Red River Scrapbook: Grayson County-In the beginning
By Edward Southerland
Apr 29, 2017
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In the beginning it was the land. It was the sandy soil of the post oak belt along the river that gave way to the blackland prairie to the south and the cross timbers to the west. The land and the buffalo grass that carpeted the prairie attracted great herds of bison moving south to escape the cold winters of the upper plains and with the bison came the packs of wolves that followed them.

The land was home to bears, cougars and many smaller hunters—foxes and raccoons. Turkeys were abundant as were prairie chickens and sage hens and the wide skies saw the bald eagle, hawks, and pigeons so numerous their flights hid the sun.

The larder of the natural world attracted the first men—the Kichai, Ionis, and Tonkawas of the Caddo people. They were farmers, raising maize, squash and beans and living in small communities and developing sophisticated skills in the making of pottery and ceramics. The first Europeans, French and Spanish, came into the area via the river. Up the Mississippi to the Red to trap, buy furs, and trade with the inhabitants of the river breaks.

Typical Caddo village.

In 1759 a Spanish expedition came up from the south and attacked the great Taovoyas village to the west. The battle of Spanish Fort, in what is now Montague County, was misnamed, for the fort had been built by the Indians with their French allies. The Indians, well armed with French weapons, stopped the Spanish and their effort to extend their mission line northward, and it would be 100 years before white men in any number pushed that far west again.

Modern rendition of Caddos and Kichai looking over the goods of an early trader.

France officially ceded most of it’s empire in North America following their struggles with the British in the eastern half of the continent. In 1762 Spain replaced the French as the titular European sovereign over the vast territory from the mouth of the Mississippi, across the unexplored plains to the Rockies and beyond.

Tonkawa camp

In 1803 the area known as Louisiana passed from the Spanish back to the French and immediately to the United States in exchange for $15,000,000. Following the War of 1812, the Americans begin to move west with a fervor. Unlike the Spanish who came to proselytize for Catholicism and the French who came to trade, the Americans came to stay. They too came for the abundance of the land. They followed the waterways.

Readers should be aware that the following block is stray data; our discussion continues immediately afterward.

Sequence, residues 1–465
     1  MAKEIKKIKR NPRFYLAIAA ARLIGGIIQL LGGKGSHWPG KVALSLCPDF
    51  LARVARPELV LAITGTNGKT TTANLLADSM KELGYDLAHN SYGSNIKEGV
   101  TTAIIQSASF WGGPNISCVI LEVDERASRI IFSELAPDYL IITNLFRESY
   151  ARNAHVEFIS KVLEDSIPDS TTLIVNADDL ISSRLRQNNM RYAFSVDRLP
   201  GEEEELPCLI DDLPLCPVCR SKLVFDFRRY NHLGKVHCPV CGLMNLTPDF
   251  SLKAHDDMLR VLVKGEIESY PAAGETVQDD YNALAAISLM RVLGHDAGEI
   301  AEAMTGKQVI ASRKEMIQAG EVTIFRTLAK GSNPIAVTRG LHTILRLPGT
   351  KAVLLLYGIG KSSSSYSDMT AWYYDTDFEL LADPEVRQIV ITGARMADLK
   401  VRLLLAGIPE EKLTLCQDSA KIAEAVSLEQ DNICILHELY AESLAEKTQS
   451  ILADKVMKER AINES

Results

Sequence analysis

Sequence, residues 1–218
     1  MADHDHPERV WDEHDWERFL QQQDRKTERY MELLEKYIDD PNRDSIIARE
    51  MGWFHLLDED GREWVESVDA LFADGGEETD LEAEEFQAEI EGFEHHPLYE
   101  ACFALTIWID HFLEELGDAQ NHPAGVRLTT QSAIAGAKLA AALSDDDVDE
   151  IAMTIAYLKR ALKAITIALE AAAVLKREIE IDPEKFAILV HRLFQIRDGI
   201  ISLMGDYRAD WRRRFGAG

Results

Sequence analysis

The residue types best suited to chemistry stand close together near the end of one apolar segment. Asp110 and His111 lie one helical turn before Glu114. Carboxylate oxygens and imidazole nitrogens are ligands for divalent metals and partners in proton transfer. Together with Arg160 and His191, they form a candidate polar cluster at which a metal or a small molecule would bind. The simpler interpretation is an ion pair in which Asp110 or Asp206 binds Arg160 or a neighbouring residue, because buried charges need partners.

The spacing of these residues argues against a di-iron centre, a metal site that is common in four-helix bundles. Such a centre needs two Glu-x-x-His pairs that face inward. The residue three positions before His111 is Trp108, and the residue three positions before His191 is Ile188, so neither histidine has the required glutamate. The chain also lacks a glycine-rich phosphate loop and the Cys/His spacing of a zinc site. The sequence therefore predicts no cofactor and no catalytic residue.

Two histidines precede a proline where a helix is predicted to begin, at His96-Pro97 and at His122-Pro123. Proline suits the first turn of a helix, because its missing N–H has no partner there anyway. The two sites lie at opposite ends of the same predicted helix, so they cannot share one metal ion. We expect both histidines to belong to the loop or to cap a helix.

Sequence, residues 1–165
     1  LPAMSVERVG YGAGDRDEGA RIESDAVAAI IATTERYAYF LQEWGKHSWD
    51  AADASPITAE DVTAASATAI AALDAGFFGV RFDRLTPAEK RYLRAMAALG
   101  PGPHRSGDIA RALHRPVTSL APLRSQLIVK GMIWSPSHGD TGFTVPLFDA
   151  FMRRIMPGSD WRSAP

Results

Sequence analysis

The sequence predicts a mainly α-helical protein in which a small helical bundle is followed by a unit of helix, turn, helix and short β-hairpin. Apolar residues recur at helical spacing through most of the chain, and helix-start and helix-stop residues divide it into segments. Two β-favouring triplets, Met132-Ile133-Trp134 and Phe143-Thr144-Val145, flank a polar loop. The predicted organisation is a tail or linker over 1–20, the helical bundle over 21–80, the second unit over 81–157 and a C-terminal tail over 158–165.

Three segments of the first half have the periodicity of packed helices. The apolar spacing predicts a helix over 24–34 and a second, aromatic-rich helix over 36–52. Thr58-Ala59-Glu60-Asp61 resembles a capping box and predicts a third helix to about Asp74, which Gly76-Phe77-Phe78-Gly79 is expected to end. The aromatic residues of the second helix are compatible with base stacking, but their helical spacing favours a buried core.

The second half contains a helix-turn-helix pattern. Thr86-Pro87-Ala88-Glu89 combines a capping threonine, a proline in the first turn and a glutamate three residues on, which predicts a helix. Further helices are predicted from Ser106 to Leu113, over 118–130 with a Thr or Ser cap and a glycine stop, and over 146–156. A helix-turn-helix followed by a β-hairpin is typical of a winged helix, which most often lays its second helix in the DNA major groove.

In March, 1816, Clayborn Wright, with his family and a slave family, put a keel boat in the Cumberland River at Smith County, Tennessee and headed west. Up the Cumberland to the Ohio, down the Ohio to its confluence with the Mississippi and down the Mississippi to the Red.

It's not hard to imagine that the keelboat that carried the Wright family to Texas looked like this replica of one of the boat used by Lewis and Clark.

With an Indian guide to lead him through the Great Raft, the mass of fallen timber and that clogged the river so thickly that in places that a man and horse could pass dry shod from one bank to the other, Wright pulled and poled and pushed his way through the timber maze to open water on the far side. In September, the Wrights settled at Pecan Point in what is now Red River County, calling their landing Jonesboro and becoming, according to some, the first Americans to settle in Texas.

It was not an easy life. “We were six months on the water,” wrote one of the Wright children in later years. “We put up a cabin, but not a grain of corn in all the country was to be had. It was about a hundred miles to the nearest settlement. About this time five families came and settled in the vicinity.” Wright’s boat, the Pioneer, sank, so the pilgrims were there to stay. “For two years we lived on wild meat without bread; after two years, father raised corn.”

As the westward migration intensified river crossings and trading posts were established further up the Red at Colbert’s, Preston Bend, and Fort Warren, which was just across the present county line in Fannin County. For twenty years the settlers continued to flow into the region.

Though sovereignty had passed from Spain to the new Republic of Mexico, the rule from faraway Mexico City was tenuous, and control of the valley was muddled with Mexican Texas and American Arkansas staking claims. By the 1830s, when immigration from the United States was forbidden by Mexican law, the southern side of the river was home to hundreds of American families living with little direction or interference from the Mexico City.

Early land map of Grayson County

To the north, the U.S. Army was building roads and forts to secure American influence on its southern border as far west as the mouth of the Washita. At the intersection of two of new military roads north of the river, Colonel Holland Coffee had set up a trading post and was making plans for a plantation across the river.

The Caddos, long the inhabitants of the land were, for the most, part gone, having moved farther west to escape the encroachment of the newcomers. There were still villages at Shaweetown and Delaware Bend, but they too would soon be gone. In place of the peaceful, agricultural, pottery makers would come the wild nomadic tribes off the plains who would, for the next forty years, challenge the white tide of settlement and make the frontier a very dangerous place indeed.